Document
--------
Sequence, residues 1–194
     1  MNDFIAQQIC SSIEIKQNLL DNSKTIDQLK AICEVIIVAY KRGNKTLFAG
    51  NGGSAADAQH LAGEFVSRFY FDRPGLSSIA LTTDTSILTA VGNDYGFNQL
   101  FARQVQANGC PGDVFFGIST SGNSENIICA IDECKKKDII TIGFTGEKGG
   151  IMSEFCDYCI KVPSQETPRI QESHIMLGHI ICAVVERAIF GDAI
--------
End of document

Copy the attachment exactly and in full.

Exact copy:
Sequence, residues 1–194
     1  MNDFIAQQIC SSIEIKQNLL DNSKTIDQLK AICEVIIVAY KRGNKTLFAG
    51  NGGSAADAQH LAGEFVSRFY FDRPGLSSIA LTTDTSILTA VGNDYGFNQL
   101  FARQVQANGC PGDVFFGIST SGNSENIICA IDECKKKDII TIGFTGEKGG
   151  IMSEFCDYCI KVPSQETPRI QESHIMLGHI ICAVVERAIF GDAI